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I'm trying to create a C#.NET 2.0 script to automate a workflow in a third party application written in Java.

I’m using the user32.dll functions to be able to interact with the Java app windows.

My problem is that the Java app windows are slow to completely load and my action sent through IntPtr SendMessage(IntPtr hWnd, UInt32 Msg, UInt32 wParam, IntPtr lParam) sometimes are lost. Example: during the load of the main window, if I try to open a menu (at this moment I actually have a handle on the main window), my message just is lost and the menu never opens.

I found some answers on Stack Overflow telling that we could use the Process.WaitForInputIdle() method for that purpose but I discovered that this only works if the app is mono threaded which is not the case of my Java app. ( C# SendKeys Wait for Program to Load before sending )

I'm looking for something working the same idea but that supports multithread or any other idea you could have?!: )

Following the Mari9' idea I finally used the System.Diagnostic.PerformanceCounter() to watch the third party app process activity. Then it commes to 0, it means the process has done what it had to do and is able to execute the message I send it.

PerformanceCounter PC = new PerformanceCounter();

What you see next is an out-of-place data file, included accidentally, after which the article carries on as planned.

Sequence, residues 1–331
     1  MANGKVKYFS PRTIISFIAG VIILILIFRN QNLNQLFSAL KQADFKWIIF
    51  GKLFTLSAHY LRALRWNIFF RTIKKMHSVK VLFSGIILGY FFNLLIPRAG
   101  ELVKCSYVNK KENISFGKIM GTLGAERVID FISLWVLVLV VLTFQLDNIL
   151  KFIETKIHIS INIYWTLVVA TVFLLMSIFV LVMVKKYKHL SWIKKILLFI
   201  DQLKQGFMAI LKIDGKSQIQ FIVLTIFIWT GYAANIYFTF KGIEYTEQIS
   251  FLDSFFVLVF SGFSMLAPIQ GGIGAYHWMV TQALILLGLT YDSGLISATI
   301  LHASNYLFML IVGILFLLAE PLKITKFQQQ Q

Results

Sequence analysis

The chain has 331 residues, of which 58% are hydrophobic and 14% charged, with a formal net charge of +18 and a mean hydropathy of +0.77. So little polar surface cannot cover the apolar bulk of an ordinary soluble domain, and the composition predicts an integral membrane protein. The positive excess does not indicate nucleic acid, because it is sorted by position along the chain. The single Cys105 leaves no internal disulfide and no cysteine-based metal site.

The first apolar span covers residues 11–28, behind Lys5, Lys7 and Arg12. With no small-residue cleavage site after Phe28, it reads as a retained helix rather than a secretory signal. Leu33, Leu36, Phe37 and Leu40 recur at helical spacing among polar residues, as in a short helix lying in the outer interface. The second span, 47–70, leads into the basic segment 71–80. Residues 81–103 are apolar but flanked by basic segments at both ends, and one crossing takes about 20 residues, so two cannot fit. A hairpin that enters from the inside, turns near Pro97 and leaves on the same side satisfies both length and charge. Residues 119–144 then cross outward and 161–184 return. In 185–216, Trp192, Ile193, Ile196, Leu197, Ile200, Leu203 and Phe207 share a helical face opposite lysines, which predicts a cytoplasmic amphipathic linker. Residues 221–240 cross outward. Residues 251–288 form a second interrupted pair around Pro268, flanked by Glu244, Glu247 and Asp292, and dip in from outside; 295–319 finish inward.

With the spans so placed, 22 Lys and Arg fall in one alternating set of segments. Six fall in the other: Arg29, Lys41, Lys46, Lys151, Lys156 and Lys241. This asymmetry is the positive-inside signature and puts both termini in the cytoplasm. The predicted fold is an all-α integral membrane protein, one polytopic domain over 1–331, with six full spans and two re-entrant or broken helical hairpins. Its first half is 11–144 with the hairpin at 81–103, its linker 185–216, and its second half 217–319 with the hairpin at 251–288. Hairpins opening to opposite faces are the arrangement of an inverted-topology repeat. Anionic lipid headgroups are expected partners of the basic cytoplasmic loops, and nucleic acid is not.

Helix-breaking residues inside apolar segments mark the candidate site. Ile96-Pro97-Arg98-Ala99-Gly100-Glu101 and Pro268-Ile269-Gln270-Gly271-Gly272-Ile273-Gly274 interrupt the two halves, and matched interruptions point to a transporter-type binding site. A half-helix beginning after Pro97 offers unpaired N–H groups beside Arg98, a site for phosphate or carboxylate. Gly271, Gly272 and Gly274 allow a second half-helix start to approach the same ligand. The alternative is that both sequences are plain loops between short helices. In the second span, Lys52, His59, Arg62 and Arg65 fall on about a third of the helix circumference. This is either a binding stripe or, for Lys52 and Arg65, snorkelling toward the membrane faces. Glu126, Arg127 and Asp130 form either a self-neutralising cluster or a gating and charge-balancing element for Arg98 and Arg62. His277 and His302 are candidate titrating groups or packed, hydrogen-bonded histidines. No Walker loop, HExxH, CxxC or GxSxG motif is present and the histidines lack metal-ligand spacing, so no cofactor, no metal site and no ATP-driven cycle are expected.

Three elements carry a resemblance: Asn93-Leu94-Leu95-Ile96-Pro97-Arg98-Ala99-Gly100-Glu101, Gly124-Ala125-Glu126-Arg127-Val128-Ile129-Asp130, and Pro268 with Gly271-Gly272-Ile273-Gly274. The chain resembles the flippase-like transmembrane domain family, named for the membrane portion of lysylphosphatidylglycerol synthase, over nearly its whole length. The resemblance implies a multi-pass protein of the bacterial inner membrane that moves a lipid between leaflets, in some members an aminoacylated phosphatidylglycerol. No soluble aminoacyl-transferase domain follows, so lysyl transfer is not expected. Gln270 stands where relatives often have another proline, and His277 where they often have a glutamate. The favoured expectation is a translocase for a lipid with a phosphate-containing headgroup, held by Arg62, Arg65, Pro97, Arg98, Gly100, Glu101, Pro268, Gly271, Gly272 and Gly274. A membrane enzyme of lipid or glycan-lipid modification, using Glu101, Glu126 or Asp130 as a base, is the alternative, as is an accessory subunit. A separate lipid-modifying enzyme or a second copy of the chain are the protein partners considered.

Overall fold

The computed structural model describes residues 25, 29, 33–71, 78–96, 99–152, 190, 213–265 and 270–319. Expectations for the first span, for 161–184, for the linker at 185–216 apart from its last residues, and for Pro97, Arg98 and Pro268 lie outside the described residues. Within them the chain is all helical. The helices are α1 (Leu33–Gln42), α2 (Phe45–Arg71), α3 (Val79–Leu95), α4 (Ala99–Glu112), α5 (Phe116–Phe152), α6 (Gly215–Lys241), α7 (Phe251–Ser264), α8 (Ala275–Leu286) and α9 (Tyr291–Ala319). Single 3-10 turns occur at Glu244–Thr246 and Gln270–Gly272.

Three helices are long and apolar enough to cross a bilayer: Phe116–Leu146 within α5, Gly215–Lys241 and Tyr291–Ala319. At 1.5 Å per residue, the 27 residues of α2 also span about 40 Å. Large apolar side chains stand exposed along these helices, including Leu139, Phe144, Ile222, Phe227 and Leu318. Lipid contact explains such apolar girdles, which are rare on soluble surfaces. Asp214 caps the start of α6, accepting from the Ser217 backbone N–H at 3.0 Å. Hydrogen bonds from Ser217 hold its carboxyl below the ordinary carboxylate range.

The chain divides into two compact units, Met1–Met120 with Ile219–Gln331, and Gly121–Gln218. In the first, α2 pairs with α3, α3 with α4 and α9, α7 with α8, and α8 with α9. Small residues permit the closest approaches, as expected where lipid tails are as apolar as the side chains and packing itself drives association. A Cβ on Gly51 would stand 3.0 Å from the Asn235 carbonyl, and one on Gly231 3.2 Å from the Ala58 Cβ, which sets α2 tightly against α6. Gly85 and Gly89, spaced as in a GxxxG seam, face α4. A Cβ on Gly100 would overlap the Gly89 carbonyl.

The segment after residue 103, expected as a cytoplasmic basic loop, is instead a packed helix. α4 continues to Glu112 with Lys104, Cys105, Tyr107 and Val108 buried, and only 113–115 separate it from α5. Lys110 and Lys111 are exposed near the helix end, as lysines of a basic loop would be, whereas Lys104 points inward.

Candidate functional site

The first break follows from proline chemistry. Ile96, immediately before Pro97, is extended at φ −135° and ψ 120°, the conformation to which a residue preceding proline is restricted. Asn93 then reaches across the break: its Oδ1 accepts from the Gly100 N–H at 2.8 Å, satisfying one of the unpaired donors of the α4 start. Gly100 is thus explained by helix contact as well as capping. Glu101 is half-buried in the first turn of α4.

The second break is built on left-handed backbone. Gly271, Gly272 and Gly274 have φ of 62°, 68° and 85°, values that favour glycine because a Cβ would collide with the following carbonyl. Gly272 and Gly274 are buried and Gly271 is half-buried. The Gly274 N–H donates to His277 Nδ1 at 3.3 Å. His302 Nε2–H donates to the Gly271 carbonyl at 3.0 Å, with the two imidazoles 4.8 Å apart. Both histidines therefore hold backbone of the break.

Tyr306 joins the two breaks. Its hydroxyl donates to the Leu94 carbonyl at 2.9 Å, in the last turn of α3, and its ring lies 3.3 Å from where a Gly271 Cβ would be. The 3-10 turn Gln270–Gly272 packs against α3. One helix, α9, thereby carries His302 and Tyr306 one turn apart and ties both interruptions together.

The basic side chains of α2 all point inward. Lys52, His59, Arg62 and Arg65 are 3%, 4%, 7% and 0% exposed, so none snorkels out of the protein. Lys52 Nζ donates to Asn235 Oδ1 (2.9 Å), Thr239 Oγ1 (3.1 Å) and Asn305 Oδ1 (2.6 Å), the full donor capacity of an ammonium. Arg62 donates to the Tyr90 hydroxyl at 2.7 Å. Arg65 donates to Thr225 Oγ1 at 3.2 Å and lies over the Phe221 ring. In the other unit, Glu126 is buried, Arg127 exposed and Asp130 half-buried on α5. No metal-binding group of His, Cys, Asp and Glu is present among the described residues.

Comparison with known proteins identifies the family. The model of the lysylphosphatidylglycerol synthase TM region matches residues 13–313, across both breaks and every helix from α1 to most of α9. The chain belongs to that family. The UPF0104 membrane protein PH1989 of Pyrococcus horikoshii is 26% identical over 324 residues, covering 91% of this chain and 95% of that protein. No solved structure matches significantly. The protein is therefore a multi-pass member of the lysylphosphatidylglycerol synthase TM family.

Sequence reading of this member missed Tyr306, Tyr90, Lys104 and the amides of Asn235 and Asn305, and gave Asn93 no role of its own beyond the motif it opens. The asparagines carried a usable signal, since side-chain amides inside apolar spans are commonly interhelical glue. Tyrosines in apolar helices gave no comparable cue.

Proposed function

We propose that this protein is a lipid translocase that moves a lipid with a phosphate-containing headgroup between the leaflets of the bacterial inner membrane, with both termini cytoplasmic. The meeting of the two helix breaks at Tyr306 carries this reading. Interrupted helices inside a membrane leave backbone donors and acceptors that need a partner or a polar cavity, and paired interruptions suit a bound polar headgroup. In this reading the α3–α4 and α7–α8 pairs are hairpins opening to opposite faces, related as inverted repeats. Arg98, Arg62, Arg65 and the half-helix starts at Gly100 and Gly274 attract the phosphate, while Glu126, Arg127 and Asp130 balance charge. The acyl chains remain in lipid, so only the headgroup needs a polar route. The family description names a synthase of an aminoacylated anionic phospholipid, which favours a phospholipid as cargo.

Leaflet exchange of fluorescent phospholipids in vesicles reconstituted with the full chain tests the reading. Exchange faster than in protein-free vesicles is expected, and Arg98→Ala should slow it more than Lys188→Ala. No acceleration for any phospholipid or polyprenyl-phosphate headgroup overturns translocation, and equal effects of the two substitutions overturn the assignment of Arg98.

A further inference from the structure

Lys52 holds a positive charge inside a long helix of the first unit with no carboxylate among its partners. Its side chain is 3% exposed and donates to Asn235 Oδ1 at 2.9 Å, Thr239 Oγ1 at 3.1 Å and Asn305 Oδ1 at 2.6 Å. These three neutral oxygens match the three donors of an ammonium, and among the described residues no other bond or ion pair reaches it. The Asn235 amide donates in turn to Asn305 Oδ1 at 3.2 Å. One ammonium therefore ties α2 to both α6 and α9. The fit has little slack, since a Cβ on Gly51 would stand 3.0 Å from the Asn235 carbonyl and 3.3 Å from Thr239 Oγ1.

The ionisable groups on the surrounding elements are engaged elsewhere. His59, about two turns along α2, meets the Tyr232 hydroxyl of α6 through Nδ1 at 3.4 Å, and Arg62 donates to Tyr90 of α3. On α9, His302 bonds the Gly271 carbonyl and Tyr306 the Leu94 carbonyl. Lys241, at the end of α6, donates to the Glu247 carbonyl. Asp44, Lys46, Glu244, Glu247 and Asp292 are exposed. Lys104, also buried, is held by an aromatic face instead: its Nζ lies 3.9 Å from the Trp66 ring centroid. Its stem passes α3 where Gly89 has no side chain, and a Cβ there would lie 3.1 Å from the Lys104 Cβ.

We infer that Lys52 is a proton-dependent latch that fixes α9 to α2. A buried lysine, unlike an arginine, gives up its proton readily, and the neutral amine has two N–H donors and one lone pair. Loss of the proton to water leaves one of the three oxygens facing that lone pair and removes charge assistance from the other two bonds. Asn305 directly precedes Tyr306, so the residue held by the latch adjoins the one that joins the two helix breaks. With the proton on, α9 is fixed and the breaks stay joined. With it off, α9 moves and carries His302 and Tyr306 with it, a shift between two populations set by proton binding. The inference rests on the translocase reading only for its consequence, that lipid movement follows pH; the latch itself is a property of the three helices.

PC.CategoryName = "Process";
PC.CounterName = "% Processor Time";
PC.InstanceName = "<process name>";
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removed answer because i didn't read second halve of your question :-( – Schwarzie2478 Jun 20 '12 at 14:37
up vote 3 down vote accepted

I assume you have a way of detecting when the window you want to send input to is shown on screen, but sending input immediately does not work since the window is busy.

You could have a predefined/hardcoded wait interval (possibly customized for each Java window) - this is not very reliable, but may work well in a controlled environment (for instance if the app is used only on your computer).

If the appearance of the window changes reliably when loading is complete, you might capture a screenshot of the window and test to see if the right pixels are there, and repeat this until true before sending the message.

Another option is using Spy++ to see if any particular message is generated for a window when the loading is complete (eg. could be a repaint with certain parameters) and install a hook to detect those messages.

If the Java application uses native window controls (SWT), you could try to detect changes in the window texts/structure indicating that the load is complete.

If the window loading process is resource intensive you might also monitor the CPU usage of the java app, and wait for the end of the 'peak' before sending your message.

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I already used sleeps to make my script work. What I don't like with that solution is that either I keep enough margin and the script will slow or I don't use enough and the script will sometimes faill. For the message solution, I haven't found a message that indicates the completion of the window load. About your idea of screenshot, do you know an API which works fine in C#? – Tuxicoman Jun 21 '12 at 13:07
I prefer PrintWindow via P/Invoke as it captures the window regardless of what is on top: pinvoke.net/default.aspx/user32/PrintWindow.html – Mari9 Jun 26 '12 at 14:50
I have to admit that my function does not always work. I'll maybe try the pinvoke. But i'll need a good (fast) image comparison function. – Tuxicoman Jul 10 '12 at 10:13

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